Posts Tagged ‘Halloween’

The Devil Walks – Anne Fine

Posted in Children's Books on September 16th, 2011 by admin – 2 Comments

“The Devil Walks” is a gothic thriller for older children and just the right kind of book to curl up  with as the nights draw in.  Our tale is narrated by Daniel who has spent his childhood years sequestered in his bedroom, a reclusive invalid cared for by his widowed mother.  However, all is not as it seems, it turns out that Daniel’s background is shrouded in secrecy and as his story progresses, we discover what dark and dastardly skeletons lurk in the family vaults.

I’m deliberately not giving away any of the plot – suffice to say that those who love a touch of gothic will be very impressed this wonderfully eerie tale.  Family secrets, a mysterious dolls house, a psychotic uncle holed up in a creepy old house – everything to tempt the Gothic gourmand!

Daniel is a really engaging character, not one for snivelling and whinging, he just gets on with things and is determined to discover what motivated his mother to hide him away from the world.  Each revelation serves to further increase his emotional turmoil.  His uncle Severin is evil personified, switching between benevolent and malevolent at the drop of a hat. 

The plot moves swiftly with lots of twists and turns and the language is exquisite, ideally suited to the period setting but not too convoluted as to dissuade young readers.  An extremely well crafted, atmospheric tale which will appeal to all ages.

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Halloween Reads 2010

Posted in Ghost Stories, YA Fiction on October 30th, 2010 by admin – 2 Comments

I’ve decided to do a little “medley” of my Halloween Reads this year.  As I have grown older and wiser (?) I have moved away from horror and thrillers whether in literature or film – I’ve become so chicken I can’t even go on roller coasters any more!   Therefore this selection probably only rates about 5-6 on the average reader’s scareometer but is scary enough for my fragile disposition… ;-)

Firstly my favourite of the bunch, The Small Hand by Susan Hill which is one of the most attractive books I own.  Okay I know that beauty is only skin deep, never judge a book by its cover etc etc but who could fail to be enchanted by this small but perfectly formed volume..

Here, Susan Hill succeeds in cranking up the tension in another chilling tale.  Antiquarian bookseller, Adam Snow discovers an abandoned Edwardian house and experiences a supernatural moment when his hand is grasped by that of a small child.

…we stood for a time which was out of time, my own man’s hand and the very small hand held as closely together as the hand of a father and his child.  But I am not a father and the small child was invisible.

I love the way suspense is gradually built up, the increasing sense of unease as the small hand changes from something comforting to a menacing and threatening entity which permeates Adam’s very existence.  There are little clues here and there that this tale is set in the present day, such as allusions to the internet and air travel, but the style and ambiance are distinctly gothic and ethereal.  This story begs to be read aloud around an open fire on gloomy autumnal nights – or tucked up with your electric blanket!   Fans of M R James, gothic tales and those who love subtle scary stories will enjoy The Small Hand.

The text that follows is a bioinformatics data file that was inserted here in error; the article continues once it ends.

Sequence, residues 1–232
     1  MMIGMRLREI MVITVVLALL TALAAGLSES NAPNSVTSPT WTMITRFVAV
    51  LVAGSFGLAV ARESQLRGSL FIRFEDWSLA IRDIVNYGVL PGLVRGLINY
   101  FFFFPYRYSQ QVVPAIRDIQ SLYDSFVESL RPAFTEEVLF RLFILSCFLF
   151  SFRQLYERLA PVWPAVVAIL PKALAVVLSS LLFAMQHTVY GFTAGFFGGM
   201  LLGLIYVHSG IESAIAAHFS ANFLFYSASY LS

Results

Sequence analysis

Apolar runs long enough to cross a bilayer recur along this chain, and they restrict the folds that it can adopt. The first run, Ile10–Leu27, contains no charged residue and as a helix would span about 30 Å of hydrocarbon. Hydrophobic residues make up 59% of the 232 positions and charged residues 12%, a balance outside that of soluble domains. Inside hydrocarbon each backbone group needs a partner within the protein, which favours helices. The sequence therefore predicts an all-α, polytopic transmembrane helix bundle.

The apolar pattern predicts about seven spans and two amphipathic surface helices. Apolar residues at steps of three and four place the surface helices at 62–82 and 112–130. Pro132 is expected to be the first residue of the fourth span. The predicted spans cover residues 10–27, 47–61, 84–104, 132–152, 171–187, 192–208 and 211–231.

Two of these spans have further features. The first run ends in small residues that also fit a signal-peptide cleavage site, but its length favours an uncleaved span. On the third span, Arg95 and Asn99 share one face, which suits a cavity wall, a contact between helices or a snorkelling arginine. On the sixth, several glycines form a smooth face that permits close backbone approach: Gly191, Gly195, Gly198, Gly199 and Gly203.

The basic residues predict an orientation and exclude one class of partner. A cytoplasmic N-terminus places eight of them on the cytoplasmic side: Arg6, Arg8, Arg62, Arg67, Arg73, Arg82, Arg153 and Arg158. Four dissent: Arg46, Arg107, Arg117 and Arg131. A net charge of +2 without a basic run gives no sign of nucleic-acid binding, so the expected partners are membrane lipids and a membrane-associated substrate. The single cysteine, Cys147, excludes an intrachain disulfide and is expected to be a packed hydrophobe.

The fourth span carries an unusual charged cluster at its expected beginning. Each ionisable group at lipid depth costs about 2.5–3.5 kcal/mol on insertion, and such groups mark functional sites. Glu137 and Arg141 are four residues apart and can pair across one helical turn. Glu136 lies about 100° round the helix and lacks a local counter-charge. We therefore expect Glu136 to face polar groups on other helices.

My next ghostly encounter was with the illustrious M R James whose collection of creepy tales has been lingering on my shelves waiting to pounce for several years now…  James is considered to be the master ghost story teller and he really has a deft hand when it comes to creating suspenseful scenarios which can scare the wits out of the reader by suggestion rather than in your face gore. 

I read all of the tales in a couple of sittings but it would probably be a more satisfying reading experience to spread them out a bit and read them over a couple of months as they can seem quite samey after a while. 

My favourite story was The Haunted Dolls’ House not only because of the terror inspired by the narrative but also because of my phobia of china dolls, you know the kind whose eyes follow you around the room…  Another of my favourites was Oh Whistle and I’ll Come to You, My Lad whose title actually sounds quite friendly but oh no, there is menace lurking in the wings.  I found myself wanting to shout at the protagonists – “No, don’t go into that cellar/church/crypt/cupboard!”.

If you like to be thrilled in a subtle, sophisticated way then M R James is the man for you.

My last ghostly read before Halloween is upon us, is a teen read, Heretic by Sarah Singleton.  It’s not really a scary read but a very atmospheric piece of historical fiction set in England in 1586.  Elizabeth finds a strange green creature in the woods – this turns out to be Isabella, a young girl who has been trapped in the faery world for several hundred years.  The girls have something in common, both have faced persecution, Isabella in the 1200s when her mother is tried as a witch,  Elizabeth for being of the Catholic faith.  What unfolds is an exciting tale as Isabella tries to help Elizabeth’s family escape the fate dealt to her family in the distant past.

More a teen rather than a cross-over read, I did enjoy my first experience of Sarah Singleton’s writing and look forward to reading Century which won the Booktrust Teenage Prize in 2005.  A great read for those who love all things faery and fans of Michelle Harrison’s Thirteen Curses/Treasures novels.

I’ve really enjoyed my Halloween selection this year and I think I will seek out some more Gothic tales to while away the dark and dreary evenings this Winter.

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